biotech and pharma stocks


The inelastic demand for medicines is the primary reason pharma and biotech stocks usually outperform other industries in a recessionary market. Other areas of healthcare don’t do as well. Discretionary services like dental clinics and hospitals suffer as consumers postpone care to save money. Consumers will give up dinners out and vacations, too, before they give up their medication. Does this mean biotech and big pharma stocks can recession proof your portfolio if we go into a recession?

Recession History

The brief recession caused by the coronavirus in early 2020 did impact big pharma briefly but they bounced back quickly to their original value pre-pandemic. The longer, Great Recession, in 2008 and early 2009 showed no clear effect on quarterly sales or net income for most big pharma. Even in a significantly longer recession big pharma held steady. This durability drills down to the fact that people don’t choose when they get sick, so they don’t choose when they need to buy medication. They end up buying it even in the middle of a recession.

Big Pharma Critical Issues

Investors are flocking to pharma stocks due to their historical ability to weather recessions well. The NYSE Arca Pharmaceutical Index has gained 9% over the past year versus a 13.1% decline for the S&P 500. Pharma stocks trade at about 14.6 times forward earnings compared to the S&P 500’s 16.1 times according to FactSet. The difference is attributed to the S&P’s heavy tech weighting. All good, right?

Pharma is known for paying out above average dividends. Rising interest rates erode the relative value of dividend payments so how well pharma stocks continue to do depend on whether industry leaders can convince the market they can grow earnings. Drugs going off patent could be a problem for earnings growth. Out of pharma’s $900 billion in 2021 revenue about $230 billon will lose patent protection between 2025 and 2030. The good news is pharma has at least $700 billion for deals – deals needed to buy new companies creating new drugs.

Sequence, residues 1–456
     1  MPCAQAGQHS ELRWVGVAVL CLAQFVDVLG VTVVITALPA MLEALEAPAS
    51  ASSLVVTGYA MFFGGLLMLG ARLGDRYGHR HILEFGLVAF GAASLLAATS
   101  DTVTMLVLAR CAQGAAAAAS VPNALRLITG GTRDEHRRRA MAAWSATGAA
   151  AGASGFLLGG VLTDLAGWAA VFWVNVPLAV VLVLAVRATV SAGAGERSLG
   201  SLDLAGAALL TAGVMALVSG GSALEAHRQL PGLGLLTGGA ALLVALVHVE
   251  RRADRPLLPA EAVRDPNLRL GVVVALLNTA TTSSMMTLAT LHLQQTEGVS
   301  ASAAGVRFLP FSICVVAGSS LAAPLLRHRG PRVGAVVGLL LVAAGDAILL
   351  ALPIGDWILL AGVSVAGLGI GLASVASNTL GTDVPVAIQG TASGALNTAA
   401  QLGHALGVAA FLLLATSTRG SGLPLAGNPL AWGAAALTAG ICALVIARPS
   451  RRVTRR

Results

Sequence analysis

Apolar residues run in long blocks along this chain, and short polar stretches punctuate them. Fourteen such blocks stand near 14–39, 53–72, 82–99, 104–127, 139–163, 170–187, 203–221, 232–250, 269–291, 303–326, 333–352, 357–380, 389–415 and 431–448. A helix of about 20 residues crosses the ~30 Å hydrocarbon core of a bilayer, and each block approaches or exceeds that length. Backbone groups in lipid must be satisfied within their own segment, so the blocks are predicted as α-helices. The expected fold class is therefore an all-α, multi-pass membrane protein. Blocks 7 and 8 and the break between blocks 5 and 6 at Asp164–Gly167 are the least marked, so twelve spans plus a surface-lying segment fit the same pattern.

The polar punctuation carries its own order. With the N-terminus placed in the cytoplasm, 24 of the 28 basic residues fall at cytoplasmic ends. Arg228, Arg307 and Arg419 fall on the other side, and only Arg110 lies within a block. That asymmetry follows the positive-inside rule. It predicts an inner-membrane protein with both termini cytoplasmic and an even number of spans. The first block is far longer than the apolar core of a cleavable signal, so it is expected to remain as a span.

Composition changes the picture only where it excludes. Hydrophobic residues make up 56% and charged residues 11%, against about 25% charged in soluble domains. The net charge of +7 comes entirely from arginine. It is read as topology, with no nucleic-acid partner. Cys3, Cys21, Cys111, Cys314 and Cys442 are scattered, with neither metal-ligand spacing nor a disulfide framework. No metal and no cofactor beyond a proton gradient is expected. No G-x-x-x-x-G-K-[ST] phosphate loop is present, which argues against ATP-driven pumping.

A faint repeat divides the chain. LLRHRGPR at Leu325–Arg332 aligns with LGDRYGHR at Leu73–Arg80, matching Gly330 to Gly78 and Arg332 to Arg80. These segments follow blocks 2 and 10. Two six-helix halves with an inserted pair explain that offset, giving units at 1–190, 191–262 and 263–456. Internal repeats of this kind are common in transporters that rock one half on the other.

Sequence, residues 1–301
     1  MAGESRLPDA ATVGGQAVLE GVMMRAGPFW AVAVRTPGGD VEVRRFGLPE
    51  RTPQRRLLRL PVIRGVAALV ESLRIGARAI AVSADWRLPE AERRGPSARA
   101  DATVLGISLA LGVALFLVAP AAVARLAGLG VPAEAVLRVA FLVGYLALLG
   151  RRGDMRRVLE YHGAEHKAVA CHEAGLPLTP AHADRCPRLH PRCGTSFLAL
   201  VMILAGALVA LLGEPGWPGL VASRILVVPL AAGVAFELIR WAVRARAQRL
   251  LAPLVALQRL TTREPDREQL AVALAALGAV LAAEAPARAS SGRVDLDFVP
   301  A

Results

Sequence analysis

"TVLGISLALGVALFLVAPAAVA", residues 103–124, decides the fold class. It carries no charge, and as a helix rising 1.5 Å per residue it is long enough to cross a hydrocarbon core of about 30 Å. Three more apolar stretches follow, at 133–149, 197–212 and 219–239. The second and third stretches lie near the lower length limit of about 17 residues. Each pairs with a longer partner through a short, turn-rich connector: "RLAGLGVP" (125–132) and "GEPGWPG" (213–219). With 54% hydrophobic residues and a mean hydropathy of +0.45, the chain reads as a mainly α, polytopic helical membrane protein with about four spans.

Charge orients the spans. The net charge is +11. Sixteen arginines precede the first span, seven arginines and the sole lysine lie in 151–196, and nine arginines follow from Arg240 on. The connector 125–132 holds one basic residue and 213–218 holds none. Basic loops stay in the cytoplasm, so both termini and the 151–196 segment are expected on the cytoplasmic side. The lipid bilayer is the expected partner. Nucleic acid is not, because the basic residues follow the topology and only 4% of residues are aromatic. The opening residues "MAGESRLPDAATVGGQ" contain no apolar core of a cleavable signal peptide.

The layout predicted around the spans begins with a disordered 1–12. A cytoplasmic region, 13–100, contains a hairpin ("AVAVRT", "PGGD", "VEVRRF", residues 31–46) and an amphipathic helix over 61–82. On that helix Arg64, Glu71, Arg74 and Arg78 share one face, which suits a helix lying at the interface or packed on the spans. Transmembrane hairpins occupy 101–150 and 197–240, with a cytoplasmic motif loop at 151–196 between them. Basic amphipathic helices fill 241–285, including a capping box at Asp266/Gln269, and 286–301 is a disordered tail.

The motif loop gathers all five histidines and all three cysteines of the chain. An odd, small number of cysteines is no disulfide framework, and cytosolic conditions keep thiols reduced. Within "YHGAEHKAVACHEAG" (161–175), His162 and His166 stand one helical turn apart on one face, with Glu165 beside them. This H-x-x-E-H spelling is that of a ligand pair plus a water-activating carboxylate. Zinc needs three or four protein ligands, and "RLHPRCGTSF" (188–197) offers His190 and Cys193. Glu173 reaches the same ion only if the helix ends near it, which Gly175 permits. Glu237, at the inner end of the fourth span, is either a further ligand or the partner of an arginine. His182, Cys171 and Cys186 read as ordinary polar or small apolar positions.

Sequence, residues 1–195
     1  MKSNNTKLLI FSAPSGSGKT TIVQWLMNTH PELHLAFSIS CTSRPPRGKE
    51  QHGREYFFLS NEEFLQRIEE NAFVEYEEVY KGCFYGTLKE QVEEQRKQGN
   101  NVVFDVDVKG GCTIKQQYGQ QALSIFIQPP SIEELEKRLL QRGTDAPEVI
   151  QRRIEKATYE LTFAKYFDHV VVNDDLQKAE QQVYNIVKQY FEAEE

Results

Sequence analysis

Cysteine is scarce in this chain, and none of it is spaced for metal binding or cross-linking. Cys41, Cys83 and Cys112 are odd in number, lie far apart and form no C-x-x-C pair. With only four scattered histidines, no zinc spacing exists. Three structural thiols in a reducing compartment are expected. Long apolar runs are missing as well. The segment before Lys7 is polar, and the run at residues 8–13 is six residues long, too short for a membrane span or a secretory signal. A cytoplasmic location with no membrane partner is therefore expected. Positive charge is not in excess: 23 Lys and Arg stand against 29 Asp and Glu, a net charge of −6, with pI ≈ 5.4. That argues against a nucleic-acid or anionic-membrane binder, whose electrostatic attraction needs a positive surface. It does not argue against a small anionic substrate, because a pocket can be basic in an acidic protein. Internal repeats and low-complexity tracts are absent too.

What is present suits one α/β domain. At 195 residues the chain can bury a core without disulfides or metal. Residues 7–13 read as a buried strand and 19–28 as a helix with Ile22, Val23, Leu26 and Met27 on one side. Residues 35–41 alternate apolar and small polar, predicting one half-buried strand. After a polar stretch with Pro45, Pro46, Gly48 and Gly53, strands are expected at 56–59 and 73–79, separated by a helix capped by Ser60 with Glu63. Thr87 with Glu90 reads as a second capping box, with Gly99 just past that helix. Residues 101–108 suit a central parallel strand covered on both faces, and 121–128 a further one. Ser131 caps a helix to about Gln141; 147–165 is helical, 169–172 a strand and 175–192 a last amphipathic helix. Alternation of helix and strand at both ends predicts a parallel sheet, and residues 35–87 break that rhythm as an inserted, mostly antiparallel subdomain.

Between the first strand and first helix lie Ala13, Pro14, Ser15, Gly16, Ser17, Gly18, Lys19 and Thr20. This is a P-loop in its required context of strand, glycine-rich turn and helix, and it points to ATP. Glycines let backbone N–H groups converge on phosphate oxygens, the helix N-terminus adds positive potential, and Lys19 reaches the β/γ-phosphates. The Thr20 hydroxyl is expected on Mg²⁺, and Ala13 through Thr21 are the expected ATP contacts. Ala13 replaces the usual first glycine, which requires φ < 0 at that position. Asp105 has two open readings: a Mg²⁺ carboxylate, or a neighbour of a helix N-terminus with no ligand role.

Another area of concern is drug-pricing legislation being negotiated in Washington. It does look like a drug-price bill will pass as part of a broader package, possibly representing a revenue hit for the industry. Companies reliant on a single product will be hit harder than better diversified firms.


Biotechs have always excited the capital markets. Those firms seeing success in their clinical trials will experience corresponding success in their share prices. If the biotech company isn’t on the brink of commercializing one of its drugs, raising capital will become much more difficult in a recession. Fewer biotechs will go public or the initial public offering will be much smaller than in the last few years. Big Pharma will be conserving cash to reinforce earnings reports so acquisition activity will go down, too.

Rising interest rates and more conservative lending policies by financial institutions in a recession will make taking on new debt significantly more expensive than it is now. Burning through their cash before commercialization of their product could become a significant problem.

Interested in discussing your career in the pharmaceutical industry? Contact Smith Hanley Associates’ Biostatistics and Clinical Data Management Executive Recruiter, Nihar Parikh at

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